Rear seat space is surprisingly good, given the Born is a city hatchback. Headroom is plentiful back there, and legroom behind the chunky front seatbacks is generous enough to accomodate kids or smaller adults without stress.

The rear bench in a lot of EVs feels compromised, but the battery beneath the floor doesn’t force rear passengers to sit with their knees up around their ears. You even get USB points back there.

This isn’t a family hauler, but it is a shame opting for the options packages turns this five-seater into a four-seater.

Boot space is a claimed 385L with the rear seats in place.

What’s under the bonnet?

Australians will only be offered the e-Boost model with a 77kWh (usable) lithium-ion battery pack, and a rear-mounted electric motor making 170kW of power and 310Nm of torque. That’s right, rear-wheel drive small cars are back.

Smaller battery packs are available overseas, but won’t be making the journey to Australia at launch.

The lithium-ion battery is good for a claimed 511km of range on the WLTP test, although that drops to 475km with the Performance Pack (and its larger, stickier tyres) fitted.

It’ll charge at up to 11kW on an AC charger, and 170kW hooked up to a DC fast charger. Meanwhile, the 0-100km/h sprint takes a claimed 7.0 seconds.

How does the Cupra Born drive?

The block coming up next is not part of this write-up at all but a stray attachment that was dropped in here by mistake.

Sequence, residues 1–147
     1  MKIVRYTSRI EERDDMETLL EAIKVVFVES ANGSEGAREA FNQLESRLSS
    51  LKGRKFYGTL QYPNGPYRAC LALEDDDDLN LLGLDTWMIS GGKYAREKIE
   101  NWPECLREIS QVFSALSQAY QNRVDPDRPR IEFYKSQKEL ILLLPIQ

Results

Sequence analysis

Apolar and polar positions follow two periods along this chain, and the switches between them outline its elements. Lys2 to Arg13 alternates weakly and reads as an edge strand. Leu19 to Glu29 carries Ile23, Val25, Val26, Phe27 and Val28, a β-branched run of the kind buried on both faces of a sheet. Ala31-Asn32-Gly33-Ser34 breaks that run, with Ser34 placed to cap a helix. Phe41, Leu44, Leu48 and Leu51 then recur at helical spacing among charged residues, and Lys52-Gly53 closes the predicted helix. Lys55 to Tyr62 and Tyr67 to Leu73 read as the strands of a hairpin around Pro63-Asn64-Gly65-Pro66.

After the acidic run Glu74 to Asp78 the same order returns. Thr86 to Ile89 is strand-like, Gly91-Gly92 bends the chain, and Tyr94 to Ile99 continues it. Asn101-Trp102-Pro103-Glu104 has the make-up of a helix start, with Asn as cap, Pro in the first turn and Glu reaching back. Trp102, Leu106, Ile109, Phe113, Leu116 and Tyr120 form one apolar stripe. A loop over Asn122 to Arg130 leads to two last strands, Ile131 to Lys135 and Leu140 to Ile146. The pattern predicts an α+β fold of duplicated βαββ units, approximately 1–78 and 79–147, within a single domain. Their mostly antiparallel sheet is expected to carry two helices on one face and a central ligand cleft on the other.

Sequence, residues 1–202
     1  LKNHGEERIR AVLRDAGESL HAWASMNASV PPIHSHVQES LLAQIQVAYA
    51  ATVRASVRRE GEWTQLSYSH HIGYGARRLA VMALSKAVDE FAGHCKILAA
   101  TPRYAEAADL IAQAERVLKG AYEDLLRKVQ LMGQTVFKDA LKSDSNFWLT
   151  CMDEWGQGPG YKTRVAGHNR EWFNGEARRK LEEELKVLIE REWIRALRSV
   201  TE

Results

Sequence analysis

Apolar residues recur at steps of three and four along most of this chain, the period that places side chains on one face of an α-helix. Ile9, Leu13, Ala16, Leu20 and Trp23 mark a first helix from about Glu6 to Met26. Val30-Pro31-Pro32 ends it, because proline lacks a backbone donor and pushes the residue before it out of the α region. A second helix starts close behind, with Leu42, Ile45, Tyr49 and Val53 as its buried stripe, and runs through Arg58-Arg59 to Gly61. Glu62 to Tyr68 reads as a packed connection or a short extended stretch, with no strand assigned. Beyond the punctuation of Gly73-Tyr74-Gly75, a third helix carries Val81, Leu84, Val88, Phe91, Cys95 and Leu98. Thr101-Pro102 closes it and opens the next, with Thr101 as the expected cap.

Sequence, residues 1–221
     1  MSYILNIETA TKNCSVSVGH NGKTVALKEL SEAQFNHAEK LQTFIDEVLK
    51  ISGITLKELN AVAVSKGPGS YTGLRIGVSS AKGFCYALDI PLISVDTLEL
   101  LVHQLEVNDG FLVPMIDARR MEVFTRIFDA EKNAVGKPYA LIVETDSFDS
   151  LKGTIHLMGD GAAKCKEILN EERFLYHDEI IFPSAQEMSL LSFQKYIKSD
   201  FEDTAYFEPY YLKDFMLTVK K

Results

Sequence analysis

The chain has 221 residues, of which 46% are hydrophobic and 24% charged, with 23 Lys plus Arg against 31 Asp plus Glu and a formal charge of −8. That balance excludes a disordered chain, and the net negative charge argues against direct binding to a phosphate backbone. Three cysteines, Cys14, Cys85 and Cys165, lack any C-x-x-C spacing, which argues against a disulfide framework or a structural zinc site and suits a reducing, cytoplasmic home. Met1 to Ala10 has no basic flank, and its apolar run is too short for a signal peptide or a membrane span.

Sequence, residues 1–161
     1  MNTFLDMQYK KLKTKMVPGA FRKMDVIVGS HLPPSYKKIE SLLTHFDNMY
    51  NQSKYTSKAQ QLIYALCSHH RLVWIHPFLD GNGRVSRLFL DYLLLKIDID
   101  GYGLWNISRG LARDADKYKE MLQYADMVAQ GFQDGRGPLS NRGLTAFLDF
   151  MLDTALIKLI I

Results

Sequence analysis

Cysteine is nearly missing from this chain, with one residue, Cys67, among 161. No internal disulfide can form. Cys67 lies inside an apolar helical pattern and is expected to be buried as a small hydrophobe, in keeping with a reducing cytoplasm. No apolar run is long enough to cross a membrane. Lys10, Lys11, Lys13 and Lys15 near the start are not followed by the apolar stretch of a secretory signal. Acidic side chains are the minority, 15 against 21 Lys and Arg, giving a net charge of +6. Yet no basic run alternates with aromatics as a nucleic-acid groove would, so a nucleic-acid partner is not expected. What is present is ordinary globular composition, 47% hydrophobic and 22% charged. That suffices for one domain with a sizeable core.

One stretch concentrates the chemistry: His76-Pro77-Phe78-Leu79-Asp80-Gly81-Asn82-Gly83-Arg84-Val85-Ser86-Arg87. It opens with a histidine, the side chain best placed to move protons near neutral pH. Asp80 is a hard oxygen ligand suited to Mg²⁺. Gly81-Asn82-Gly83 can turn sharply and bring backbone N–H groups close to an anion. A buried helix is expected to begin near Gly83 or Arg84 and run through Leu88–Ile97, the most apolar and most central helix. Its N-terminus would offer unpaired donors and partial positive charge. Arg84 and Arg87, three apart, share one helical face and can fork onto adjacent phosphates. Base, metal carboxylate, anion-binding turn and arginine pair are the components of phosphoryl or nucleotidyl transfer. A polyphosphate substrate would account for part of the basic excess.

Cupra is pitching the Born as the ‘hot hatch’ of the electric vehicle world, with 310Nm of torque on tap and rear-wheel drive.

Our quick drive at Haunted Hills reveals it’s smooth, quiet, and reasonably quick, although it’s hard to ascertain much more.

The track is tight and twisty, with significant elevation changes, and was slippery from lashings of rain on what passes for a Melbourne summer day.

With direct, light steering and what feels like solid body control, the Born disguises its 1927kg (tare) mass well on quick direction changes. Blame the long-range 77kWh battery pack for that hefty weigh bridge ticket.

In its default ‘D for drive’ mode, there’s very little in the way of regenerative braking. Lift off the accelerator and the Born won’t throw you forward in your seat like some rivals, so it’s a good thing the dead pedal feels natural relative to the wooden setups in some electric cars.

Flicking the transmission selector into ‘B’ ups the regenerative braking, but even then it doesn’t feel overly aggressive (on track, at least).

Bury your right foot and the Born accelerates determinedly enough to feel quick, without ever really snapping your neck.

It’s dead quiet, which makes the way it accumulates speed on the short straight at Haunted Hills slightly disorienting relative to internal-combustion hatches.

The promise of instant torque, rear-wheel drive, and a wet track sounds tantalising – like the Born could be a quieter take on the previous-generation BMW M140i. The reality isn’t quite that wild.

You can make the Born break traction with a heavy right foot over the slippery kerbs at Haunted Hills, and with the ESP in Sport it’ll step out before killing the fun.

But, it’s unlikely the average owner will be deliberately agitating their electric hatchback over slick racetrack kerbs to explore its rear-drive bonafides.